Set up a new Macbook pro for development

Published on 30 Sep 2017

Yesterday I replaced my old Macbook Pro with a new one. I got the new Retina MBP with the TouchBar, which meant that I have to take a bit of a risk, because the new TouchBar and the new keyboard were a bit of an unknown for me.

Why did I replace it? It seems that at my current workplace I will be able to use my own notebook due to an introduction of a BYOD (Bring Your Own Device) policy and my old one just doesn’t have the capability to run the environment I need to run there. I am working on reducing those requirements to a level where an 8GB notebook is enough, but it is probably still some months away. Also, the thing is 4 years old! Actually, I am very happy about that, and I do hope that this one will repeat that experience. I do hope that I’ll have 4 or 5 good years with this.

But anyhow, not it sits on my desk (and I am writing this post on it), and I wanted to share the setup process I am using to configure my primary development environment, so here it is.

First impressions

My first impressions on the new machine is that it is a very nice machine. There are some differences compared to what I am used to, but after a few hours it seems totally OK. I was worried about the keyboard, but after using it form a few hours, my worries are gone. About the TouchBar … eh, it needs some getting used to. I have no big trouble hitting the esc keys, but it’s not as firm as I’d want to. I kinda miss the feedback for hitting it right now. We’ll see how it works out in the end.

Setting it up

After the initial configuration (you know: iCloud, Touch ID, disc encryption, etc), and the update to High Sierra, I started to set up this as my primary develoment machine. Which means that I need a couple of things:

Basics: SSH key

When I set up a new computer I always start with a new SSH key. I use mine to log in to Github and Gitlab, but I do not use PGP, so this method is suitable for me for now. Generating one is as simple as:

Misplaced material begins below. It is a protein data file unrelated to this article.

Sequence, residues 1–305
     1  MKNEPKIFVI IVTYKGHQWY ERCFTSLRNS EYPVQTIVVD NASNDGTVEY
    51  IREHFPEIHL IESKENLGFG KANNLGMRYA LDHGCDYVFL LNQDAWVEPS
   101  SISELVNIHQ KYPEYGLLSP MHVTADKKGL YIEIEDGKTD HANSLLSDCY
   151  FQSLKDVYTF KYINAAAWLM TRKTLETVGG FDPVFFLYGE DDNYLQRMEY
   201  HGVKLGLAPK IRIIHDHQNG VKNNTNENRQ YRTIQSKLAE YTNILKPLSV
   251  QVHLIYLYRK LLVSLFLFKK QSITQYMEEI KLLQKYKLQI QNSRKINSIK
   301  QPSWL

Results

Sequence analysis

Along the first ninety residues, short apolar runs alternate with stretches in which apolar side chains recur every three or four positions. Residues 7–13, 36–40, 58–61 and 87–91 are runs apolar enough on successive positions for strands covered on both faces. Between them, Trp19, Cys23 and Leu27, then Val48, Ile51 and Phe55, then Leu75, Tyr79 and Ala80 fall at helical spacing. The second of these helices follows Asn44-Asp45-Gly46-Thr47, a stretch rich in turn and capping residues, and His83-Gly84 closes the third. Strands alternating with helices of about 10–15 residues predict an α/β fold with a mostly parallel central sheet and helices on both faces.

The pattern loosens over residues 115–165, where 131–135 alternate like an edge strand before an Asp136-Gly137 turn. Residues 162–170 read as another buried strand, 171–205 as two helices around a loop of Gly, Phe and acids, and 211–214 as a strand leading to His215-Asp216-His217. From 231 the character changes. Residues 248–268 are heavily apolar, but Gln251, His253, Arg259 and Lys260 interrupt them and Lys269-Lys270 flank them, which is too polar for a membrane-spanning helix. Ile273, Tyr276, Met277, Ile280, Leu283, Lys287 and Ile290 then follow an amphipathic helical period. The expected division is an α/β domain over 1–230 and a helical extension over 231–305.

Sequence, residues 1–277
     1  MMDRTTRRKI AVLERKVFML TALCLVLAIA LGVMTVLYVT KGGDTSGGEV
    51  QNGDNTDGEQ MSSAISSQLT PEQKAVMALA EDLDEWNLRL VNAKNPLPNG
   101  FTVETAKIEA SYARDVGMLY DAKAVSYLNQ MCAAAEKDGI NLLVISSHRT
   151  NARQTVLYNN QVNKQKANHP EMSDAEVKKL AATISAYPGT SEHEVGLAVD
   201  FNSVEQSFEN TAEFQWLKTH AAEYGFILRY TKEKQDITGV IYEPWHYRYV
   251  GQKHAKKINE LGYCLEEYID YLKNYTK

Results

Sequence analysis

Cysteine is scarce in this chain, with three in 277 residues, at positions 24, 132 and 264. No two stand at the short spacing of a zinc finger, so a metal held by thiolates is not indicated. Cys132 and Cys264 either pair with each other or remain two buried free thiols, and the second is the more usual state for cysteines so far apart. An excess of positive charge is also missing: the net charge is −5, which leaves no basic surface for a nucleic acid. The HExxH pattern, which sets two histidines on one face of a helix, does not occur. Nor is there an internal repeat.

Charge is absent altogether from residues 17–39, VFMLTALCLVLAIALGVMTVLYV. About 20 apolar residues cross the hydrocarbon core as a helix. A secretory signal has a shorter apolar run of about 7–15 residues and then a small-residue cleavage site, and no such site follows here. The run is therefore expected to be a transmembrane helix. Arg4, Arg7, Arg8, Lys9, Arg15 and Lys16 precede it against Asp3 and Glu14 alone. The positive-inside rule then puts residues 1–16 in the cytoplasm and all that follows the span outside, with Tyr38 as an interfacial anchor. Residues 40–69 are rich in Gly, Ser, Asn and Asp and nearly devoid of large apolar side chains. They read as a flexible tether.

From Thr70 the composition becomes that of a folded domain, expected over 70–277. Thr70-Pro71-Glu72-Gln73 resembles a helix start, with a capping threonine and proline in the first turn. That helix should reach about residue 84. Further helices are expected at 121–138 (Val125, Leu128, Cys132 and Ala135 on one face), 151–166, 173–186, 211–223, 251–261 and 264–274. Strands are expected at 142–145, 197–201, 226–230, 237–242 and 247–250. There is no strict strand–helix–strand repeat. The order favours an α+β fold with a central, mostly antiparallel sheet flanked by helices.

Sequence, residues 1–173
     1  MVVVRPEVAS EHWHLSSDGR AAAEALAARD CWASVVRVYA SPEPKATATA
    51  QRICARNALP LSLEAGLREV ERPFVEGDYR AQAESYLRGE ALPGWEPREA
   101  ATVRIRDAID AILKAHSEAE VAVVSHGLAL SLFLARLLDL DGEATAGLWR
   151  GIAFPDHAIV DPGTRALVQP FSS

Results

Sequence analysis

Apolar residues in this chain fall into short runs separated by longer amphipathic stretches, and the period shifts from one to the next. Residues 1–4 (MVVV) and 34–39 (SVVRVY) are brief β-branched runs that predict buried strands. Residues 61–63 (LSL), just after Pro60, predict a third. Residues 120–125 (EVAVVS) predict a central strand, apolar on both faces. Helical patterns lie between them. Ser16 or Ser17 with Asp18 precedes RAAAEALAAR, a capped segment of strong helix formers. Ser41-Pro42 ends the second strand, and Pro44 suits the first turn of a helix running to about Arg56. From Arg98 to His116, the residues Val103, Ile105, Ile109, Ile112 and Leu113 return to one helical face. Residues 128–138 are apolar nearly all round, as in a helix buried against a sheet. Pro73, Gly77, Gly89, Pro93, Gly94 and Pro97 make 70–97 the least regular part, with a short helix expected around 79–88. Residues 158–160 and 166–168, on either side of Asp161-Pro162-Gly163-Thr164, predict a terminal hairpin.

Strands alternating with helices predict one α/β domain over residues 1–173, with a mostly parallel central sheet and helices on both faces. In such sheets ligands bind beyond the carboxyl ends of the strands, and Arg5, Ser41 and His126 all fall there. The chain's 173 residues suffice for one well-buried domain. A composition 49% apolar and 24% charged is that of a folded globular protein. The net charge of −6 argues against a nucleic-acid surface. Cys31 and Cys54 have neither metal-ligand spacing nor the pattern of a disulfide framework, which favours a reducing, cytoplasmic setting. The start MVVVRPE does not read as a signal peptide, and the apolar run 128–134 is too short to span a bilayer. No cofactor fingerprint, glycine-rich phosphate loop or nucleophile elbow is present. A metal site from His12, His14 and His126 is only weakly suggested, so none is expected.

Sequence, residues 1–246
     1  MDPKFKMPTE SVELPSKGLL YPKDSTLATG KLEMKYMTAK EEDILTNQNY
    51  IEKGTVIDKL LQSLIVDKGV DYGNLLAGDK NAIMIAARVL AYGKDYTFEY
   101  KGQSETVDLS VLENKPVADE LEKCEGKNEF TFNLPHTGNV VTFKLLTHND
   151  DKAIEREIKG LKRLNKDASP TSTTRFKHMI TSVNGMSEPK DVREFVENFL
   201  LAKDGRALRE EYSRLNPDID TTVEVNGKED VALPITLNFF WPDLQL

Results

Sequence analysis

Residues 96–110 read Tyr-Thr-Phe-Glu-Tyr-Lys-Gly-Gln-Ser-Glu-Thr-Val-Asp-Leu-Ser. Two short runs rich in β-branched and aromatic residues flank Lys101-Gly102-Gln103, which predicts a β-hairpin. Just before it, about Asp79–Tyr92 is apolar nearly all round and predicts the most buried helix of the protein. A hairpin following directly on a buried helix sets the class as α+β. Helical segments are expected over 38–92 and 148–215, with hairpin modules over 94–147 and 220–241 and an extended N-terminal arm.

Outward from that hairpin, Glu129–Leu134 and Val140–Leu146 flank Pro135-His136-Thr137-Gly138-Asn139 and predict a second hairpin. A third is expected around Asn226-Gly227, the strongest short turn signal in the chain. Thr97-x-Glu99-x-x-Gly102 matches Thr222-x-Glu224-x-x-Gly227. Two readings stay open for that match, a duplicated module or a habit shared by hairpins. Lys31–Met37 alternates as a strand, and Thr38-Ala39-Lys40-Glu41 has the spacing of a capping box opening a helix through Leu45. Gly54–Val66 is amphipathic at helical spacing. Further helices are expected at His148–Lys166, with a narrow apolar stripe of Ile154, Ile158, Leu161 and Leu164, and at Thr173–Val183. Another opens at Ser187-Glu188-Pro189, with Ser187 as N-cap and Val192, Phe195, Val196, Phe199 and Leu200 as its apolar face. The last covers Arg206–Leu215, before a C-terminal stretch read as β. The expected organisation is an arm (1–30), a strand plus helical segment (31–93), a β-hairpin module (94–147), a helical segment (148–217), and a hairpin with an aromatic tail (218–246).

ssh-keygen -t rsa -b 4096 -C ""

Afterwards I just update these keys on the respective sites and I am good to go.

Basics: git + iterm2

I still need to automate some things, but it’s getting better. I still have to manually download iTerm2, and configure git with:

git --version

so that XCode doesn’t get in my way anymore. But afterwards I can just use my dotfiles repository with the following command:

git clone --recursive

The --recursive part is important because that checks out all submodules which I have in the repository, therefore I get Vundle, oh-my-zsh and tpm (tmux plugin manager) right away. Afterwards I just need to link a few files to the home directory:

ln -s ~/dotfiles/zsh ~/.oh-my-zsh
ln -s ~/dotfiles/.zshrc ~/.zshrc
ln -s ~/dotfiles/zsh-theme/gitster.zsh-theme ~/dotfiles/zsh/themes/
ln -s ~/dotfiles/.tmux.conf ~/.tmux.conf
ln -s ~/dotfiles/tmux ~/.tmux
ln -s ~/dotfiles/vim ~/.vim
ln -s ~/dotfiles/.vimrc ~/.vimrc

and my command line is all set up.

Brewing the Mac

Next step is to set up the applications I’ll need. For this I normally use homebrew, so first I install that:

/usr/bin/ruby -e "$(curl -fsSL"

And then there is something I didn’t know before, but I added it now:

I can write a file called Brewfile residing in my home directory, and there I can define all the things I want to have installed from brew, which is pretty neat. Here is how my Brewfile looks like at the moment:

tap 'caskroom/cask'
tap 'caskroom/fonts'
tap 'homebrew/php'

brew 'zsh'
brew 'zsh-completions'
brew 'tmux'
brew 'git'
brew 'npm'
brew 'php71'

cask 'java'
brew 'maven'
brew 'gradle'

cask 'google-chrome'
cask 'spotify'
cask 'slack'
cask 'docker'
cask 'vlc'
cask 'alfred'

cask 'font-fira-code'
cask 'font-source-code-pro'
cask 'font-hack'

cask 'visual-studio-code'
cask 'jetbrains-toolbox'

This is pretty neat. With this file I practically installed everything I want to have, without any further configuration. It may be that later a few things will be added to the file, but initially this is a good start.

And with this, the setup is practically completed! All I need now is to style the environments how I like them, and that’s it. But that is for another post.